The great Scottish scientist James Clerk Maxwell wrote in 1874 to a colleague: “I saw conductivity of Selenium as affected by light. It is most sudden. Effect of a copper heater insensible. That of the sun great.”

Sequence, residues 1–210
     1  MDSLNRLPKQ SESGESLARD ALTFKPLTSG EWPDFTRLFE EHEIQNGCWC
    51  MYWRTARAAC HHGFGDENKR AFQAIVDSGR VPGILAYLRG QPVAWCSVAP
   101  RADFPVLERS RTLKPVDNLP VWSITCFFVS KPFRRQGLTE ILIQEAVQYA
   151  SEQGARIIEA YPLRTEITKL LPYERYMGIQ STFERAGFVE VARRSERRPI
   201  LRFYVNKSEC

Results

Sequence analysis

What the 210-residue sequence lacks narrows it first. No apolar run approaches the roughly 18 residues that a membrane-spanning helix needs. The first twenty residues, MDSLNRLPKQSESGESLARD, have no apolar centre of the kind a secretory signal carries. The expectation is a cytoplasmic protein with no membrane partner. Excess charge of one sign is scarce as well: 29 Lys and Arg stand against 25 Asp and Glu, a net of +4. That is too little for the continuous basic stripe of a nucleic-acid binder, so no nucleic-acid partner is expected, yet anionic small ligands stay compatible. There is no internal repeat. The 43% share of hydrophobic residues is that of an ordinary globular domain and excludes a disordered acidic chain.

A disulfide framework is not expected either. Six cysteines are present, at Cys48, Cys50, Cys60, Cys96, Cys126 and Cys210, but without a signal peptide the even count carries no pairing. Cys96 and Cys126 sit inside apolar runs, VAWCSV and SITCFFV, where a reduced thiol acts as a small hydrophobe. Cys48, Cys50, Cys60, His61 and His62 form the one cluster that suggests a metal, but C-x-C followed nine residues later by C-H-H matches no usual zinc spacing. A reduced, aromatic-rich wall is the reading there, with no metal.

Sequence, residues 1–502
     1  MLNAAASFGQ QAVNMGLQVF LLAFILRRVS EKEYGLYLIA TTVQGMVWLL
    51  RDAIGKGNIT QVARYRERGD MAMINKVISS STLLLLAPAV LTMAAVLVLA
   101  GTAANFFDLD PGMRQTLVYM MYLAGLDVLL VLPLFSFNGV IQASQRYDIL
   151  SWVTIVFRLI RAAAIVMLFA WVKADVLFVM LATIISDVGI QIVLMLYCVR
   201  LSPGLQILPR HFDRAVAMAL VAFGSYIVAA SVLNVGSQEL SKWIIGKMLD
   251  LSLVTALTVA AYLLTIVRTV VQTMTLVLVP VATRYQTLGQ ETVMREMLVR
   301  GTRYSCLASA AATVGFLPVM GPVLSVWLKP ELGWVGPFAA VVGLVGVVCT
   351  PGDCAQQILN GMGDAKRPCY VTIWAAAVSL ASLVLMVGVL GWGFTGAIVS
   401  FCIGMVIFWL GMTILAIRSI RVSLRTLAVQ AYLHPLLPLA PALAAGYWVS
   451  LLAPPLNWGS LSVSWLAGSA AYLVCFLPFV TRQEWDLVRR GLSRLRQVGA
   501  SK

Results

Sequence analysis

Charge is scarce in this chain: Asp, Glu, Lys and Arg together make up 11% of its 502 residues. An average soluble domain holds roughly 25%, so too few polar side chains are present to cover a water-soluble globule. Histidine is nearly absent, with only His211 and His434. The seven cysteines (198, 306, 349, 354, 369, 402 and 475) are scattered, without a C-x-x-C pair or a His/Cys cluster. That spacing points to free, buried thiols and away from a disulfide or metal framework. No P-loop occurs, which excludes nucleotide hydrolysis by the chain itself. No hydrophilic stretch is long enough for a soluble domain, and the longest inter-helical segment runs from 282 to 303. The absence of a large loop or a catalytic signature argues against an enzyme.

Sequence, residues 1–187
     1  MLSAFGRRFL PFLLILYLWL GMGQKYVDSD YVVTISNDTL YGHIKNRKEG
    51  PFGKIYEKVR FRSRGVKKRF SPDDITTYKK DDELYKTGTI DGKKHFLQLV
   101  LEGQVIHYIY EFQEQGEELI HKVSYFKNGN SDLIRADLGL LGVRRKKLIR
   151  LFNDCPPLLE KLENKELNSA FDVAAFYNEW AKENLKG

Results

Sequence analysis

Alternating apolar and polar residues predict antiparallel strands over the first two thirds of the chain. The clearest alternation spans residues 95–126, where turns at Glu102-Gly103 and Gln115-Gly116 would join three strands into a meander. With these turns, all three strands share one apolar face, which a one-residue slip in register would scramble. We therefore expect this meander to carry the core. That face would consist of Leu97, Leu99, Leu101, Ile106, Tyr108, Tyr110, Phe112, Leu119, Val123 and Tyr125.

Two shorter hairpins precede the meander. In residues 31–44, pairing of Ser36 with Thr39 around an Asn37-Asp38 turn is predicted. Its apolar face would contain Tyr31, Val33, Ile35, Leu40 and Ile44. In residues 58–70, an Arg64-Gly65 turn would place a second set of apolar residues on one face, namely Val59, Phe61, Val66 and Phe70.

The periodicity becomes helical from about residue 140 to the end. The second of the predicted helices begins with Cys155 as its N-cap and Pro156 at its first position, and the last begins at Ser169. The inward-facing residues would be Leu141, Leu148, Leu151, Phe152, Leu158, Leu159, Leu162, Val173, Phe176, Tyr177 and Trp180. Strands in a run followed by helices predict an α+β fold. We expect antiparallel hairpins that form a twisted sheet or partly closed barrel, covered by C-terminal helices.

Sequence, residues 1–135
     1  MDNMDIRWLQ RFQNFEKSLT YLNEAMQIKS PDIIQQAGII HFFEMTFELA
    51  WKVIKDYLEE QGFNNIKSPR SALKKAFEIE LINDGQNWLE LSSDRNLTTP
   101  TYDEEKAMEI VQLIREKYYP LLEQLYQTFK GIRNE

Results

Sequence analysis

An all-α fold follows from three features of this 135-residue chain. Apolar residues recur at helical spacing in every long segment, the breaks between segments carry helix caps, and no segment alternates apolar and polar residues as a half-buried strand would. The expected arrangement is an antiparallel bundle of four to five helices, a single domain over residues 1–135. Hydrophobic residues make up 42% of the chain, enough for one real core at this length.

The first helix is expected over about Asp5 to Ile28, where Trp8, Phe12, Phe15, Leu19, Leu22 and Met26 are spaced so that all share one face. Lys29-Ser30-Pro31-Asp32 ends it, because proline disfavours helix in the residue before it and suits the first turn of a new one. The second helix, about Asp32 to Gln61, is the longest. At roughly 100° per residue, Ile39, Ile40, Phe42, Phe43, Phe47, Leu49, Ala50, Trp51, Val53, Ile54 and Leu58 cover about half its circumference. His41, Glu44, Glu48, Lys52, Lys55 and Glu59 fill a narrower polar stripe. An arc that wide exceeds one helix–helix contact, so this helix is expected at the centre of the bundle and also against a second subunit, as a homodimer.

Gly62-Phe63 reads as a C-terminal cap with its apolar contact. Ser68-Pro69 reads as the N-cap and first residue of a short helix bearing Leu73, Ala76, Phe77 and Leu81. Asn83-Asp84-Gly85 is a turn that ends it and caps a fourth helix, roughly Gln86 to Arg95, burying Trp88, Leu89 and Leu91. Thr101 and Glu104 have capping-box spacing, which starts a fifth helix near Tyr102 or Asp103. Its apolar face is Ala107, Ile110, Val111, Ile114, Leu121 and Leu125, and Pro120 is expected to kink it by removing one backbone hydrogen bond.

Maxwell was among many European scientists intrigued by a behavior of selenium that had first been brought to the attention of the scientific community in an article by Willoughby Smith, published in the 1873 Journal of the Society of Telegraph Engineers. Smith, the chief electrician (electrical engineer) of the Gutta Percha Company, used selenium bars during the late 1860s in a device for detecting flaws in the transatlantic cable before submersion.